The Ohio Supreme Court rejected another Congressional map. Democrats say the attorney general should resign, and Congress moves forward with protections for gay marriage.
We break down what it all means on this week’s episode of Ohio Politics Explained.
It’s a podcast from the USA TODAY Network Ohio Bureau where we catch you up on the state’s political news in 15 minutes or less. This week, host Anna Staver was joined by reporter Jessie Balmert.
1) Portman moves to protect gay marriage
Four Ohio Republican representatives voted with House Democrats to pass legislation Tuesday that would enshrine federal protections for same-sex and interracial marriage.
The bill has a more uncertain future in the U.S. Senate, but Ohio’s Republican Sen. Rob Portman plans to co-sponsor it.
If passed, all marriages deemed valid by a state would be federally recognized.
2) Resignation rejected
Ohio Democrats called on Attorney General Dave Yost to resign over comments he made that cast doubt on the existence of the 10-year-old girl who traveled to Indiana for an abortion.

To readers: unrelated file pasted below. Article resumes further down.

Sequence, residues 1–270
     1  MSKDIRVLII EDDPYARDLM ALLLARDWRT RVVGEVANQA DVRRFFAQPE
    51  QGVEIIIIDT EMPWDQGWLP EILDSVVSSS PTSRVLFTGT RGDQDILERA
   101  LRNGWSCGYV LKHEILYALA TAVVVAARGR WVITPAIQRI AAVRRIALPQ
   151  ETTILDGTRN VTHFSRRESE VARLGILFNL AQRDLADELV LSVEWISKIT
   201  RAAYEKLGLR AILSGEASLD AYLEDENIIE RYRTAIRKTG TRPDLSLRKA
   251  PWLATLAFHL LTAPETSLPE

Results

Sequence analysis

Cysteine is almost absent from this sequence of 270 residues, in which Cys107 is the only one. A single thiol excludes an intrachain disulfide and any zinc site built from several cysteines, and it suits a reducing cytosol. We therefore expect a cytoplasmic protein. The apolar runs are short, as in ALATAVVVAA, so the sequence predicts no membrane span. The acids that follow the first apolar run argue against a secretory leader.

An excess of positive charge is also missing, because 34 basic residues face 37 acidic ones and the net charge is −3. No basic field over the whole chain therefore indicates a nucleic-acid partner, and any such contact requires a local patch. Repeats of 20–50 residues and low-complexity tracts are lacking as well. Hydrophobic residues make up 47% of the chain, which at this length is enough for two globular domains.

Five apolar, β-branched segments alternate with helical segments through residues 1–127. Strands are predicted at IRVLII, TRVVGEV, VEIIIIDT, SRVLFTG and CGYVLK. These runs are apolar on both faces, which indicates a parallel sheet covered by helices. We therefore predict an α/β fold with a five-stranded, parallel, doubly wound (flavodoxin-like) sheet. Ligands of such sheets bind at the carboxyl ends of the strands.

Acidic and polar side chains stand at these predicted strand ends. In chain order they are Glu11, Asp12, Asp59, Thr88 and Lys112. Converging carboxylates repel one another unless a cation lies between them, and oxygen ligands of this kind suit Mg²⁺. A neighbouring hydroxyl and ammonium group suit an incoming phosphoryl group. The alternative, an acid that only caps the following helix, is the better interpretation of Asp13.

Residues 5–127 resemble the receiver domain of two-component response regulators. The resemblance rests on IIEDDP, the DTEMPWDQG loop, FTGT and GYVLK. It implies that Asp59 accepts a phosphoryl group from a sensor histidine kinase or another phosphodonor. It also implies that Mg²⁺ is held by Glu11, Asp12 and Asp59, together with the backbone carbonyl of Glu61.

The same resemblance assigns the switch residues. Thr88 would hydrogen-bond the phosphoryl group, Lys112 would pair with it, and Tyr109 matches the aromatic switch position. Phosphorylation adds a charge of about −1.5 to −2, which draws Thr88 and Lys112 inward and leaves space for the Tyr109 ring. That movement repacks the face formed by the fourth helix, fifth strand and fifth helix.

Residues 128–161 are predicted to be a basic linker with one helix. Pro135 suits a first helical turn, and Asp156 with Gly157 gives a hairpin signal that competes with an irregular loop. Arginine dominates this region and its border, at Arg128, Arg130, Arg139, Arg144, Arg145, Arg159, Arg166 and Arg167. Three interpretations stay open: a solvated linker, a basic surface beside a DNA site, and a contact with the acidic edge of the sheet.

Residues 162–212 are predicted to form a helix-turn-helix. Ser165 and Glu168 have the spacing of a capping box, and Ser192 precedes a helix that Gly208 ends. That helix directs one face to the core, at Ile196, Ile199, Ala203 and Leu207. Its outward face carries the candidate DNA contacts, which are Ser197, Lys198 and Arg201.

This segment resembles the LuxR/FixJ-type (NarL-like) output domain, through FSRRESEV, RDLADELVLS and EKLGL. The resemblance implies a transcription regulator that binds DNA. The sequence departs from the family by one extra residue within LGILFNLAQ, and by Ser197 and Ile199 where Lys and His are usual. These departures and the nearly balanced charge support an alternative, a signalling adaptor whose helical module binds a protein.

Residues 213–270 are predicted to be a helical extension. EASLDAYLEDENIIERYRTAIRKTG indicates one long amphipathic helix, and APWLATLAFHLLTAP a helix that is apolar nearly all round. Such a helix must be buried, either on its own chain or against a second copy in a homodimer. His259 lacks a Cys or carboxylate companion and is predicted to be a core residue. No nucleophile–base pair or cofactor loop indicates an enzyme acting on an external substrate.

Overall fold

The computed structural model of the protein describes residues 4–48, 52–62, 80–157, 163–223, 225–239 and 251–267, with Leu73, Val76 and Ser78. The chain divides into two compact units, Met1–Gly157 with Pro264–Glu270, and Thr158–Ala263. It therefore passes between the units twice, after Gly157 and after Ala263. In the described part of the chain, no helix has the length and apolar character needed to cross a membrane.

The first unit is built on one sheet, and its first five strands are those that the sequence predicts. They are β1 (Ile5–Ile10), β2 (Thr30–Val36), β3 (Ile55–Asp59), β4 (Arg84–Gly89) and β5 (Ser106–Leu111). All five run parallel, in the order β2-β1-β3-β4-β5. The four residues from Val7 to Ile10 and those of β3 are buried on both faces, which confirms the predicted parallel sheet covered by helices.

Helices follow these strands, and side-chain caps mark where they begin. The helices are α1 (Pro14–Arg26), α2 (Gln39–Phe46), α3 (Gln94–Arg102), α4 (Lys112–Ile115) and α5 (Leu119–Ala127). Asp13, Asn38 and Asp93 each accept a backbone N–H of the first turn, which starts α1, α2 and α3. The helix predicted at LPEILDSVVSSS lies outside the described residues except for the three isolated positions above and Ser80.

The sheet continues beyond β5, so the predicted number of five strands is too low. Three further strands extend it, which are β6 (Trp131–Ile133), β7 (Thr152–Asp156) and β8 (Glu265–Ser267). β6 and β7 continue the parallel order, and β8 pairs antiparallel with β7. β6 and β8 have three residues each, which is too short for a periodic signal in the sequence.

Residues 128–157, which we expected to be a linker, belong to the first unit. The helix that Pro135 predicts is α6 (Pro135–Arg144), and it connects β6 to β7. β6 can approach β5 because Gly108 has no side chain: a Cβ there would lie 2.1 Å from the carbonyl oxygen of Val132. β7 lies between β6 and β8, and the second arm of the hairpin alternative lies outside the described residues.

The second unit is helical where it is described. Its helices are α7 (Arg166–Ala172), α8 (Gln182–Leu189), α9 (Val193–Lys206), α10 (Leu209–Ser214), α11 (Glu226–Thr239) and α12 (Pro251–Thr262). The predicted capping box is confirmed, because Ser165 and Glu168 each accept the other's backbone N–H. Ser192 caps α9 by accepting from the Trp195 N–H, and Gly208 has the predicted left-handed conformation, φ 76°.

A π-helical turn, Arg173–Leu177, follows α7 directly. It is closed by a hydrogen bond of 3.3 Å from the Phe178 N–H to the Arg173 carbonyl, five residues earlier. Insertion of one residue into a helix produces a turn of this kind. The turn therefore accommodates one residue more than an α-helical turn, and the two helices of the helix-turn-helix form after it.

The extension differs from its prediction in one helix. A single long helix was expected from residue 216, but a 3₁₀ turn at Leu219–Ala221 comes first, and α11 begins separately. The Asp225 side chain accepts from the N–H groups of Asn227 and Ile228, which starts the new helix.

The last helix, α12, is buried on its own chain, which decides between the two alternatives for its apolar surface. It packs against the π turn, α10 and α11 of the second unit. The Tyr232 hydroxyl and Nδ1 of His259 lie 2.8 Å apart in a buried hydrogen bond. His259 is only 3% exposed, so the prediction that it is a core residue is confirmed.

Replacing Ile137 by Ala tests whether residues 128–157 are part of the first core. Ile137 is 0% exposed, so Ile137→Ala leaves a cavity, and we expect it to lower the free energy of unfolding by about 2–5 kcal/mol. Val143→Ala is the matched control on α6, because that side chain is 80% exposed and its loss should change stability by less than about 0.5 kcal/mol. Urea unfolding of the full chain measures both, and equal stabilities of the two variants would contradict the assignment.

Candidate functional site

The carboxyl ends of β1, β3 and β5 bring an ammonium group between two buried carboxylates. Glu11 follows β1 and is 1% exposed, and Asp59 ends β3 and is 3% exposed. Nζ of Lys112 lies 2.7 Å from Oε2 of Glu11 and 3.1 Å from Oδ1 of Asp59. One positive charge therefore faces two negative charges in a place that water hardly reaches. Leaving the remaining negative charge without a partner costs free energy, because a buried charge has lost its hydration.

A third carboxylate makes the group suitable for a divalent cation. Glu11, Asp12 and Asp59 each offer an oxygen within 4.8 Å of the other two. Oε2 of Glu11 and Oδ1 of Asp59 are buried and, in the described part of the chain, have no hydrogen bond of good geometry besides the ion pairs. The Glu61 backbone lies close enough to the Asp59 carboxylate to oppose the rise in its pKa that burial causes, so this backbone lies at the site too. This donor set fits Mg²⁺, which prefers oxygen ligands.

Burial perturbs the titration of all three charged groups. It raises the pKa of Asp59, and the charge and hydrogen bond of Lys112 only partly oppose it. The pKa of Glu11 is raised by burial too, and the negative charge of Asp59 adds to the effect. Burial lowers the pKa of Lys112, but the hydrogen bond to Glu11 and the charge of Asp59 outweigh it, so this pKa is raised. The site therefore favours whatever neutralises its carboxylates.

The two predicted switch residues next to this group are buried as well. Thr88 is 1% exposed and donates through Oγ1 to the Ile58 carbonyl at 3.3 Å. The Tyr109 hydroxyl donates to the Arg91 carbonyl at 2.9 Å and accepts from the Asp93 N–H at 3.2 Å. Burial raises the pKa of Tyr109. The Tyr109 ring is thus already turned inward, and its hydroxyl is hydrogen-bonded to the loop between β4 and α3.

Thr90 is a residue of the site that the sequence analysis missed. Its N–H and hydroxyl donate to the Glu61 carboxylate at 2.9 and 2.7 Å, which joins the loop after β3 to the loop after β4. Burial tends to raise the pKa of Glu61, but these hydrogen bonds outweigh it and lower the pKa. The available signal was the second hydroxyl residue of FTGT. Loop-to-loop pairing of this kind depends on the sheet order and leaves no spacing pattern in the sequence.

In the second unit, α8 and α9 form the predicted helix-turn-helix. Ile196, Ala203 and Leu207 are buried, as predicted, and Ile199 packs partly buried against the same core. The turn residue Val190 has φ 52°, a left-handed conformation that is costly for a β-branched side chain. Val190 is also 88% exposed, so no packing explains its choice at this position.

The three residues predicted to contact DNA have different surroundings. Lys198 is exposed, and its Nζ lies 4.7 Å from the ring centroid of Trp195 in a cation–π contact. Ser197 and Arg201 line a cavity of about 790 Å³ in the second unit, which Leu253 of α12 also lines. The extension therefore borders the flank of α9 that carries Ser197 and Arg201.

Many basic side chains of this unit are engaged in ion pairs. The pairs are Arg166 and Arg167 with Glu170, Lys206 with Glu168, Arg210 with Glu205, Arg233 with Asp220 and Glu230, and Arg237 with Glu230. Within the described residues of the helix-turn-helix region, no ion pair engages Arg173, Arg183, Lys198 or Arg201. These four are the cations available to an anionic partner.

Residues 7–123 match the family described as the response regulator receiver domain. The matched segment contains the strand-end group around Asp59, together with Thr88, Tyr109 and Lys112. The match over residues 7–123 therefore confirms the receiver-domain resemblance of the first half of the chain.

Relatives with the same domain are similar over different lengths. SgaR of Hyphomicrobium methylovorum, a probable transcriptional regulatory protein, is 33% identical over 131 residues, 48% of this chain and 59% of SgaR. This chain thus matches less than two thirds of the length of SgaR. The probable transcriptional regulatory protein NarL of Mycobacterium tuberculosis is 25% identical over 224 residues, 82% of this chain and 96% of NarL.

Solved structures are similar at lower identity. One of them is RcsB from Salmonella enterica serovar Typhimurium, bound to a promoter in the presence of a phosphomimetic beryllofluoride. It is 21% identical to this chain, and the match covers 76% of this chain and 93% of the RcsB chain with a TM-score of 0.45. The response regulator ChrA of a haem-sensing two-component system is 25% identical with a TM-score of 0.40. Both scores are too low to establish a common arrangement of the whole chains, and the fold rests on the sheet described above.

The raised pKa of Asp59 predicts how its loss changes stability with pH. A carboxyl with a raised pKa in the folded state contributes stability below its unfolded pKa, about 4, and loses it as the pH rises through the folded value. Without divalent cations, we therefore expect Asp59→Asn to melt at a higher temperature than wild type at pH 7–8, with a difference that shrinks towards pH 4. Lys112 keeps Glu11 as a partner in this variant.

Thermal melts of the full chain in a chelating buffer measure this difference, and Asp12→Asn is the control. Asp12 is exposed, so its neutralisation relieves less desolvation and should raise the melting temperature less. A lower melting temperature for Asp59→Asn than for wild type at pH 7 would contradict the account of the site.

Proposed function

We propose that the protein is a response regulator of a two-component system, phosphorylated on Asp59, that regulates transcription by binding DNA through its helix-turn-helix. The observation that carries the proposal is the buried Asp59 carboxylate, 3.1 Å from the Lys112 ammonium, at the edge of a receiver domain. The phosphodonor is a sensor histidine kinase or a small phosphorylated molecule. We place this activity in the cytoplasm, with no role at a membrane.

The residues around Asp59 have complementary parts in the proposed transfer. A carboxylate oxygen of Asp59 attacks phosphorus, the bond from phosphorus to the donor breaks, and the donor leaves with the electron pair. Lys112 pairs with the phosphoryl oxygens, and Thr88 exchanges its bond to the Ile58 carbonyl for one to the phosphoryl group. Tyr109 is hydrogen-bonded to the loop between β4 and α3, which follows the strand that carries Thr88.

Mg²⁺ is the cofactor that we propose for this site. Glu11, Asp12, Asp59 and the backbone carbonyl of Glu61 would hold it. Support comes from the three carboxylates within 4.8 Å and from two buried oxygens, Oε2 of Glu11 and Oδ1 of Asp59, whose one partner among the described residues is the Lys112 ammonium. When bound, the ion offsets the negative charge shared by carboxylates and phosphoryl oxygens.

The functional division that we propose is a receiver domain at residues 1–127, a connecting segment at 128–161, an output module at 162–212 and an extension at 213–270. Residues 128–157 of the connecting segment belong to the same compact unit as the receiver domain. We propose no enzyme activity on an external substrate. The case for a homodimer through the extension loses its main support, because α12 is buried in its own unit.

Yost then said the girl didn’t need to leave Ohio for an abortion, but doctors and lawmakers disagreed with his assessment.
“The Ohio Democratic Party has such little faith in its candidate for attorney general that it is resorting to throwing hail Marys, which will be swatted down by Ohio voters,” Yost campaign spokeswoman Amy Natoce said.
3) Two years after Householder’s arrest
Former Ohio Speaker Larry Householder is still a free man two years after he was arrested on federal bribery and racketeering charges.
The FBI alleges that the Perry County Republican accepted and spent millions of dollars in bribes from FirstEnergy in exchange for favorable legislation. Two other men pleaded guilty and another co-defendant died by suicide.
Householder pleaded not guilty along with Matt Borges, the former Ohio Republican Party chairman.
4) Another redistricting redo
Ohio’s Supreme Court rejected the third Congressional map this week, calling it unconstitutional.
The map will be used for the November election thanks to a federal court ruling, so the court ordered Ohio’s lawmakers to draw a new one for 2024 within 30 days. If they don’t, the Ohio Redistricting Commission will then get 30 days to draw one.
Listen to “Ohio Politics Explained” on Spotify, Apple, Google Podcasts and TuneIn Radio. The episode is also available by clicking the link in this article.
The USA TODAY Network Ohio Bureau serves The Columbus Dispatch, Cincinnati Enquirer, Akron Beacon Journal and 18 other affiliated news organizations across Ohio.